“I knew what Rocky Mount was about to go through,” Goings says. Thanks to water from Wilson and timely rain, Rocky Mount was spared.
Goings no longer worries about water supply. Now he worries about water quality.
Runoff from farms and cities is a major reason why some North Carolina waterways are in dire straits. Since the massive fish kills on the Neuse River in the 1990s, regulations have been in place, but are they good enough? Could sewage treatment plants be better? Have farmers improved their fertilizing practices enough?
And what about drought? Why did Rocky Mount nearly run dry, while Wilson was fine? Why did Shelby almost run out of water, while Kings Mountain had plenty to spare?
Compared to other states, especially those in the Midwest that suffered through a record drought in 2012, North Carolina has access to a lot of water. Average annual rainfall is higher here than in most states.
“What we lack,” says UNC School of Government professor and water resources expert Richard Whisnant, “is adequate water storage, long-term planning and legal mechanisms to ensure water rights across a region when the next shortage arrives.”
North Carolina is a typical eastern state with no regional water authorities or enormous reservoirs. Not like in the West, where, out of necessity, water is moved over long distances and must be managed through regional decision-making and long-term planning. Nevada’s southeastern water authority, for example, has a 5-year plan, a 75-year plan, and access to the huge reservoir of Lake Mead.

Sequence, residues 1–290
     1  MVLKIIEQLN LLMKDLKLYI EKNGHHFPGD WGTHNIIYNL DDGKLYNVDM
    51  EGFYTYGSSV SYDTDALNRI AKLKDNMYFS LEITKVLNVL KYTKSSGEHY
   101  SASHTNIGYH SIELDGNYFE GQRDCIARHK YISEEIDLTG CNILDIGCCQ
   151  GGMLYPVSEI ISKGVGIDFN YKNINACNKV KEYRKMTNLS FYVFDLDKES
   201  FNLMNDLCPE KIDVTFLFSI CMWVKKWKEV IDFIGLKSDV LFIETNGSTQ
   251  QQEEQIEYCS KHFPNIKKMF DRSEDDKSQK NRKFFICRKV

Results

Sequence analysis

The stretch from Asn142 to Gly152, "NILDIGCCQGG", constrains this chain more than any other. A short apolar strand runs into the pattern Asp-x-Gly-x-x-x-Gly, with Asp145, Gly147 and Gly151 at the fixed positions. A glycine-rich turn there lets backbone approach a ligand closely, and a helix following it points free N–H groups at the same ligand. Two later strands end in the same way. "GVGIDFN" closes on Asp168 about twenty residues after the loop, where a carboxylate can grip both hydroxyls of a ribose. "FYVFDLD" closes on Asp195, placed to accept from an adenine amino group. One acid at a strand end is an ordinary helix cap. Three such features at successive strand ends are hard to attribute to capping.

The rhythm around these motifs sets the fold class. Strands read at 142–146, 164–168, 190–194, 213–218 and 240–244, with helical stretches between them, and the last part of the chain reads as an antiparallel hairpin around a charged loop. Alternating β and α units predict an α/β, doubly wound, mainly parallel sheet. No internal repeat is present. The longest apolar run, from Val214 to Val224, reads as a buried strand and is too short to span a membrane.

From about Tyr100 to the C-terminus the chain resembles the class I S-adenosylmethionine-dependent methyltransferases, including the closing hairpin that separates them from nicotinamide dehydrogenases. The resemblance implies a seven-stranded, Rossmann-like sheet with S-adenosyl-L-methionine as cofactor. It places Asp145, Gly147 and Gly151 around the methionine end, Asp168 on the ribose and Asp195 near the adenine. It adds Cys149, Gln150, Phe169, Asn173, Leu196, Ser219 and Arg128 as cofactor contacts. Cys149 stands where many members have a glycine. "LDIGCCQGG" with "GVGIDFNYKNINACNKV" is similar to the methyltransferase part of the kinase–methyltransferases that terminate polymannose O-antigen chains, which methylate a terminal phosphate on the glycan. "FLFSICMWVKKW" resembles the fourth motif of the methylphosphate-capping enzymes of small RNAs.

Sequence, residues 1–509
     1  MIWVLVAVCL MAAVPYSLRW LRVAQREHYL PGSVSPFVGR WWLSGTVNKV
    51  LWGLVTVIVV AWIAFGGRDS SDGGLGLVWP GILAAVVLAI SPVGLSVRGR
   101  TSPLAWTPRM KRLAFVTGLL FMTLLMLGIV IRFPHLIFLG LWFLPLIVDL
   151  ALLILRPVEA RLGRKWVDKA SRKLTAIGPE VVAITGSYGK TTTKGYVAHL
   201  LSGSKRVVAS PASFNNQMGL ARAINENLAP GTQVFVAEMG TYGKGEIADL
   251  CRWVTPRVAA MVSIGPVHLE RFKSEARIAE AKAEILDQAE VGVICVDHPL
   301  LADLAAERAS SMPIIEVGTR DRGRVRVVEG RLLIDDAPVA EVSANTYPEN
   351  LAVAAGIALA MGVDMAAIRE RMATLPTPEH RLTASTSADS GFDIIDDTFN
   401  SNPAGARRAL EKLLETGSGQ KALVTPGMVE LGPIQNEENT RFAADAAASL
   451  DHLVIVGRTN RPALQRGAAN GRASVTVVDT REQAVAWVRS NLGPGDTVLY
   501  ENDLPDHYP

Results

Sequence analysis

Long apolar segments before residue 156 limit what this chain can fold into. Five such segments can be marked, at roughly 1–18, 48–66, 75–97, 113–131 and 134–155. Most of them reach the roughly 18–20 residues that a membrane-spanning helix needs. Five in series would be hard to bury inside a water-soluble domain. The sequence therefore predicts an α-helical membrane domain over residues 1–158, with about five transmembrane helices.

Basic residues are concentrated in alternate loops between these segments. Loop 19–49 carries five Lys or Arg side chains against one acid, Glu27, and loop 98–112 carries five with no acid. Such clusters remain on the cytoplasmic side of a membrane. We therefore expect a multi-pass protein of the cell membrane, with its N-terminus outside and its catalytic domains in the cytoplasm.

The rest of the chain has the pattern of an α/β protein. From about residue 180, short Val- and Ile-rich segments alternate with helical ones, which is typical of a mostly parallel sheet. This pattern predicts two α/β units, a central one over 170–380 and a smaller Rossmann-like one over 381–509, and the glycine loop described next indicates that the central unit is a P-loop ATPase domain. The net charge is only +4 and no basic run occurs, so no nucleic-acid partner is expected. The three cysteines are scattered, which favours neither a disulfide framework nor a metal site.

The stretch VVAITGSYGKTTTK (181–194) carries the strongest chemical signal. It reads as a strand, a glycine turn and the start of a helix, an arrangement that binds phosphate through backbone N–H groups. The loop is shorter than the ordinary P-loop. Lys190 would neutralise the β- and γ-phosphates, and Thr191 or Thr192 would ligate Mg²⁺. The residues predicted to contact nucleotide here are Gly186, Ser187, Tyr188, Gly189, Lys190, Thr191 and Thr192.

“They have a portfolio full of potential water sources,” Whisnant says. The authority has even floated the idea of taking water from the Mississippi and piping it across the Rockies to Las Vegas. Crazy as that sounds, it shows how Nevada thinks about water—it’s priceless.
The East’s localized control over smaller sources makes sense when you look at current demographics. But in 75 years? Already we’ve witnessed dozens of cities struggling to find water during droughts, while their neighbors fared just fine. A major reason is that most towns in North Carolina don’t even have reservoirs; they take water from rivers, which are more susceptible to low flows during droughts.
Lauren Patterson, who earned her doctorate from Carolina, researched historical flow rates while a graduate student in Carolina’s geography department and found that from 1930 to 1970, only one area, just northeast of Greensboro, experienced a significant decrease in stream flow. Between 1970 and 2008, though, more than 35 areas from Fayetteville west experienced significant stream flow decreases.
Since 1970, North Carolina’s average annual rainfall has remained the same. But the state’s population has doubled. A lot of that population growth has occurred at the headwaters of rivers. According to UNC environmental engineer Greg Characklis, municipalities have typically based their water needs on the historical record.
“But for some communities, the droughts of 2002 and 2007–08 were worse than anything on record,” Characklis says. “And that raises questions about climate change and whether the historical record is sufficient for planning decisions.”
Published February 1, 2013.